Realizing that the evidence of her 20-year-long career was rapidly being erased, White responded on Instagram with a post that now appears to have been taken down.

“How can you say Black Lives Matter and put your knee on the neck of another Black artist?” she asked. “I’m not mad... I am however not giving up my name, my brand I worked hard for. #GodWillFightMyBattle #TheRealLadyA #LadyABluesSoulFunkGospelArtist #TheTruthIsLoud.”

Are Lady Antebellum racists?

It depends on how you look at it. After all, when left-leaning pundits go on cable news, they frequently condemn Donald Trump’s actions as racist, an argument that, in many cases, is hard to refute. But when asked the inevitable follow-up question — “Are you saying that Trump himself is a racist?” — few are willing to take their criticism that far, instead expressing variations of the theme “I can’t speak to what’s in the president’s heart.”

The current controversy raises similar questions about Lady Antebellum. When the band first announced its decision on Instagram, there was little reason to question their motivations. But now that they’ve filed their lawsuit, those words ring hollow.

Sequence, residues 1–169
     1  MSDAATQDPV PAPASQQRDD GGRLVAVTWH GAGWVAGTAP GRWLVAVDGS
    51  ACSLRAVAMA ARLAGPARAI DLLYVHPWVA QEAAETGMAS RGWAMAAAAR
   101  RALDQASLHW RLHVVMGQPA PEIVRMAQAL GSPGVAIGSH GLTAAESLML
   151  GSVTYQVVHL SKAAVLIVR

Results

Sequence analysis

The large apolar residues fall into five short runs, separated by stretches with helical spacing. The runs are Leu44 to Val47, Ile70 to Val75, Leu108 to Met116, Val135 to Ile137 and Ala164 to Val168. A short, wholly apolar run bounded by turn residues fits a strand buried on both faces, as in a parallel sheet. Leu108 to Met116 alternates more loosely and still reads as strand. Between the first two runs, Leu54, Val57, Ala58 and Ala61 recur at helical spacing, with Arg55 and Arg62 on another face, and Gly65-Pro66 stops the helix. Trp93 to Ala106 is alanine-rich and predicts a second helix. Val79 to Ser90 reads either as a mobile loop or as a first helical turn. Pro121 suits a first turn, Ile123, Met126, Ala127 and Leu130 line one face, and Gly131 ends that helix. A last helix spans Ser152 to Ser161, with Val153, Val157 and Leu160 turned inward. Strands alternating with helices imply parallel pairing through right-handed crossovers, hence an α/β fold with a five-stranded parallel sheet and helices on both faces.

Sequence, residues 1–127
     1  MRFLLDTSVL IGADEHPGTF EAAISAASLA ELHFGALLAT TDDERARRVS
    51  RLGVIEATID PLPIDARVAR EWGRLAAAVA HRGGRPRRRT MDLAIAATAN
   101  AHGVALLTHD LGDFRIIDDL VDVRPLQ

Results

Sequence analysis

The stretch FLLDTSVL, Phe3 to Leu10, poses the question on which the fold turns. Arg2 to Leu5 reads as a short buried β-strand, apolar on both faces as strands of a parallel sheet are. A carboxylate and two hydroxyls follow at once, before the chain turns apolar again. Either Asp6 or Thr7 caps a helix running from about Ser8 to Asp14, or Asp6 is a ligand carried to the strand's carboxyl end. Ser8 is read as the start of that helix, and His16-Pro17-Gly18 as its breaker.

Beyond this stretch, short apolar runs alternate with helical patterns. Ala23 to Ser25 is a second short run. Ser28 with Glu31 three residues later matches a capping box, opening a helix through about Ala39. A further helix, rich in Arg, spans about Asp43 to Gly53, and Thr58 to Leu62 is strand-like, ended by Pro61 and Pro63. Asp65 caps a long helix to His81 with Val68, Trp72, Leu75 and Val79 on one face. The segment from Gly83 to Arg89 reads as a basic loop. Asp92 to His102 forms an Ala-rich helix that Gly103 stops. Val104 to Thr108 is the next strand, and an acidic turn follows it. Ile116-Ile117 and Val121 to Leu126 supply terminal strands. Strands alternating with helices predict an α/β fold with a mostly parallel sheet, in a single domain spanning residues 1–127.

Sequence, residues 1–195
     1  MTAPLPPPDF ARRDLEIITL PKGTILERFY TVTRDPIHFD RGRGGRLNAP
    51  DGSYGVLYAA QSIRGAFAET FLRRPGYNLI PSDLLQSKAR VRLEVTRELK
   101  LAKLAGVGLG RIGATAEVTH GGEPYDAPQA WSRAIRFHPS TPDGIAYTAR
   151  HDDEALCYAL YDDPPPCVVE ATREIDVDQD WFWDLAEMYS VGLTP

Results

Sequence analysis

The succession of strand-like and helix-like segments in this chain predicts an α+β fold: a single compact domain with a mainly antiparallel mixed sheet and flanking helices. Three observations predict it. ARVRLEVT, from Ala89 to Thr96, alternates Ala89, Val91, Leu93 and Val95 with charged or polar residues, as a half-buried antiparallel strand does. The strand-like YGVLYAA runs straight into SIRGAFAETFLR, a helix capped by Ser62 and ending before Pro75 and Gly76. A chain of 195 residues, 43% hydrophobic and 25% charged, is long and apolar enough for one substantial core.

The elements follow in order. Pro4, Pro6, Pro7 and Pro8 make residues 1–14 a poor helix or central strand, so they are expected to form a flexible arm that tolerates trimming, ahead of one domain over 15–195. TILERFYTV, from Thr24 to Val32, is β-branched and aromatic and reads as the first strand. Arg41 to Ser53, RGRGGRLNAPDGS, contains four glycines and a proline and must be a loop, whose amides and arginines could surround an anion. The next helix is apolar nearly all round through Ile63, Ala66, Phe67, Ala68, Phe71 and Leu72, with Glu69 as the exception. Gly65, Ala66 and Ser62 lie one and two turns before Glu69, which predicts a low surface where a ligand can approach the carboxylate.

Consider, for example, these passages from the long, self-aggrandizing Instagram post in which Lady Antebellum first announced their name-change to fans:
  • “We’ve watched and listened more than ever these last few weeks, and our hearts have been stirred with conviction, our eyes opened wide to the injustices, inequality and biases Black women and men have always faced and continue to face everyday. Now, blindspots we didn’t even know existed have been revealed.⁣⁣⁣”
  • “After much personal reflection, band discussion, prayer and many honest conversations with some of our closest Black friends and colleagues, we have decided to drop the word ‘antebellum’ from our name and move forward as Lady A, the nickname our fans gave us almost from the start.”
  • “We feel like we have been Awakened, but this is just one step. There are countless more that need to be taken. We want to do better. We are committed to examining our individual and collective impact and making the necessary changes to practice anti-racism. We will continue to educate ourselves, have hard conversations and search the parts of our hearts that need pruning — to grow into better humans, better neighbors. Our next outward step will be a donation to the Equal Justice Initiative through LadyAID. Our prayer is that if we lead by example… with humility, love, empathy and action…we can be better allies to those suffering from spoken and unspoken injustices, while influencing our children & generations to come.”